Steelwork is playing a significant role at the Forge project in London, where an innovative method is being used that could transform the construction industry into a leaner and greener sector.
The £139m project for Landsec, in partnership with architect and engineer Bryden Wood, is blazing a trail that its backers hope will establish the new method and, as a result, help to ease skill-shortage worries, speed the UK’s path towards net-zero carbon, and bring with it both cost and safety benefits.
What makes The Forge unique?
- The Forge is the UK’s first net zero commercial office development, and is built using the highly efficient and sustainable platform approach to design for manufacture and assembly (P-DfMA). This led Innovate UK, part of UK Research and Innovation, to award funding for the innovative design and ground-breaking construction techniques. Using these techniques has contributed to a circa. 25% reduction to date in embodied carbon from the initial design stage. And we saved 178 tonnes in steel by using the platform approach – that’s the equivalent of just under 13.5 London Double Decker buses in weight.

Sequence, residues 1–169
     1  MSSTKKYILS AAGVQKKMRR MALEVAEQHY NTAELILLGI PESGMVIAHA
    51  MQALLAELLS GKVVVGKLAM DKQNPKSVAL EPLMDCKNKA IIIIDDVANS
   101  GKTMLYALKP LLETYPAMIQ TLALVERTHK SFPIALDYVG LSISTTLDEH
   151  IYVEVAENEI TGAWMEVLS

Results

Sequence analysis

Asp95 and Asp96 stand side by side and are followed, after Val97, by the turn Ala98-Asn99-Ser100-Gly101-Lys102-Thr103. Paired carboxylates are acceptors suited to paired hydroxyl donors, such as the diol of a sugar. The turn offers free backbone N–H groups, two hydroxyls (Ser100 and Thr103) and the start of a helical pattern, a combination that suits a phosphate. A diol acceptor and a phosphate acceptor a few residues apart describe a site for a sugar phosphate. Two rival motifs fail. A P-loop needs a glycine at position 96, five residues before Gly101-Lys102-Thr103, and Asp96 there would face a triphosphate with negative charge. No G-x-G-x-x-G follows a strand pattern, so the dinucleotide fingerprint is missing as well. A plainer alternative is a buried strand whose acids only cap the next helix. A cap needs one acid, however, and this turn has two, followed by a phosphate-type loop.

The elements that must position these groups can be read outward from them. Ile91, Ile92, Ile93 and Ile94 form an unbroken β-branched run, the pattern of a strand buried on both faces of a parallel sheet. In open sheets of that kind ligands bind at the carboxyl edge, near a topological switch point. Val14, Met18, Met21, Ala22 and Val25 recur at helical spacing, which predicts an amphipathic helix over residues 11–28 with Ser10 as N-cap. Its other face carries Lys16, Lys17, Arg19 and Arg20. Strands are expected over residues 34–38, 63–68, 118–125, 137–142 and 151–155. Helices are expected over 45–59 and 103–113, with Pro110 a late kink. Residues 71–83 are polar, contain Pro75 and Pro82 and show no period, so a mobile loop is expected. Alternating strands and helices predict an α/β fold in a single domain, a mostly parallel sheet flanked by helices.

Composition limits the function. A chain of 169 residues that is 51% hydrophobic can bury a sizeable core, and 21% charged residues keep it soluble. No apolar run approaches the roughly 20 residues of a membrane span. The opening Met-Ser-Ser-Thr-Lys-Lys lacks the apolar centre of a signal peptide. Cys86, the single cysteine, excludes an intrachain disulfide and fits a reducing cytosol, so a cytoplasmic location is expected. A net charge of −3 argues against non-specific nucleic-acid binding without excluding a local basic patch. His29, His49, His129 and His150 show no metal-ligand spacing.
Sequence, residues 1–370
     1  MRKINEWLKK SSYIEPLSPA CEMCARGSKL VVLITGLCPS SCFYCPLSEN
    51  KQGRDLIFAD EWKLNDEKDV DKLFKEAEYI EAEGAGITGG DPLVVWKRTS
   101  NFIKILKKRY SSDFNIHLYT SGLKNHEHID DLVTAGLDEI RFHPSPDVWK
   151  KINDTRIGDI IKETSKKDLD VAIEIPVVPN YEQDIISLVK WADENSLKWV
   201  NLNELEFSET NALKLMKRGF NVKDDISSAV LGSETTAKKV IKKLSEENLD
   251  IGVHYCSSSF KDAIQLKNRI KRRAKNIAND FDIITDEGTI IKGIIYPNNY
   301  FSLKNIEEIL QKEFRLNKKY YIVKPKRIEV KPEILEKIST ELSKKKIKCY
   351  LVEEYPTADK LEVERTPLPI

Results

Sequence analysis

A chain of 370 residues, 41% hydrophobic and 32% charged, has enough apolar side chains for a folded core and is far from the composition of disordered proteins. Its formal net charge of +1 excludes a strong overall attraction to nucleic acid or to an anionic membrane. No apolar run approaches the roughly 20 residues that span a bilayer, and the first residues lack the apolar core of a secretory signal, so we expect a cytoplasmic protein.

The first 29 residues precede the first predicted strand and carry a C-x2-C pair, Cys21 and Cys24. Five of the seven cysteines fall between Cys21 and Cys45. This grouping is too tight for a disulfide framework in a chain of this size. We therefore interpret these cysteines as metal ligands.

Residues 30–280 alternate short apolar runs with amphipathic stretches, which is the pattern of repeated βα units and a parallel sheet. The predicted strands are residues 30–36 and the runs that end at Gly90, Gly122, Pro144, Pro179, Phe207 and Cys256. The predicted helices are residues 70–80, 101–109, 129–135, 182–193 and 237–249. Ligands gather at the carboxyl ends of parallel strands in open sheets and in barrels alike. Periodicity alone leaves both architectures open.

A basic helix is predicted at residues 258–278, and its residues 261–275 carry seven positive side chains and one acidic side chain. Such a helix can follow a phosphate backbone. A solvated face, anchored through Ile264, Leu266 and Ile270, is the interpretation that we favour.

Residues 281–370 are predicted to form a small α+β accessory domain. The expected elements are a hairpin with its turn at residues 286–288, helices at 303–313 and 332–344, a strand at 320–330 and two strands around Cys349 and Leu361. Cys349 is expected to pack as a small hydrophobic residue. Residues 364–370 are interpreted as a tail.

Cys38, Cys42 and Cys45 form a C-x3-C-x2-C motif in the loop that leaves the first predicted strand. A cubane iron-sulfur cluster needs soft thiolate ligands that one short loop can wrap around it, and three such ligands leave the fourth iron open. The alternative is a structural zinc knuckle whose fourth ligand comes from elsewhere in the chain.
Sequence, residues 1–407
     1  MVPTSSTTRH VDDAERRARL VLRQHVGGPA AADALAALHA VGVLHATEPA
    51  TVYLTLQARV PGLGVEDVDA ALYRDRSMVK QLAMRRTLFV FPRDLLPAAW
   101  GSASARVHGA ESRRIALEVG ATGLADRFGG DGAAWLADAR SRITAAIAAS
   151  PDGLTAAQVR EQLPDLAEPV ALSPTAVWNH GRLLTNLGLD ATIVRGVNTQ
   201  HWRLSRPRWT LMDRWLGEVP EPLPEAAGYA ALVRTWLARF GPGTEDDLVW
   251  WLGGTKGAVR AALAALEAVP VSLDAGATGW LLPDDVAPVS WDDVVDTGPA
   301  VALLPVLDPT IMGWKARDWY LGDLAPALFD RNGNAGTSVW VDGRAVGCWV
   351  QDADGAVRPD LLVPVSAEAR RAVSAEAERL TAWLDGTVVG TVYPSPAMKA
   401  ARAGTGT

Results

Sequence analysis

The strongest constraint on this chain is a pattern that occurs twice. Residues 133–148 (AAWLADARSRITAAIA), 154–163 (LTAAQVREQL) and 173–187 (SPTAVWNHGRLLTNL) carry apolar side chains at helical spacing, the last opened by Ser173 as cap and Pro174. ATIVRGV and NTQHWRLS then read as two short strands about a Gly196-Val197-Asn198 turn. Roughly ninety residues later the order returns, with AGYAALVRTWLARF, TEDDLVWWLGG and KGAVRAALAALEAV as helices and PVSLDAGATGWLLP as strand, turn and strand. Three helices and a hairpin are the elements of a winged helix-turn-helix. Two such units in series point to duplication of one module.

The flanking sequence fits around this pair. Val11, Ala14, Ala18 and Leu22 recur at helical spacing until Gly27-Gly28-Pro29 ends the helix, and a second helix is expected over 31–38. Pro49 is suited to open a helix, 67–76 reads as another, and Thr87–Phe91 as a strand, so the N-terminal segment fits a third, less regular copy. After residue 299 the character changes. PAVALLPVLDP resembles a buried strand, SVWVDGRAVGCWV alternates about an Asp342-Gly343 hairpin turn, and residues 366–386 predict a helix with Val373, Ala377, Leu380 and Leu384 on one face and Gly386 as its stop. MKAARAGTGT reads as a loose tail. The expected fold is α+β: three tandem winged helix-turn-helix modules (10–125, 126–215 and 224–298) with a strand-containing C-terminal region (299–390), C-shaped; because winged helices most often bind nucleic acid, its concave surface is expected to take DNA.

- The site’s historical use was as a bronze foundry, which has been carried through in the naming of the development.
- The development boasts an array of indoor and outdoor spaces to meet the wellbeing needs of today’s workforce, including an improved streetscape and public realm, four terraces, and a cycle ramp from the building’s entrance down to 230 cycle spaces, showers and storage. Other features include LED lighting, which reduce eye strain and fatigue to help boost productivity, and almost 300m2 of green roof promoting local biodiversity.
- 107 solar panels contribute to the developments 100% renewable electricity source.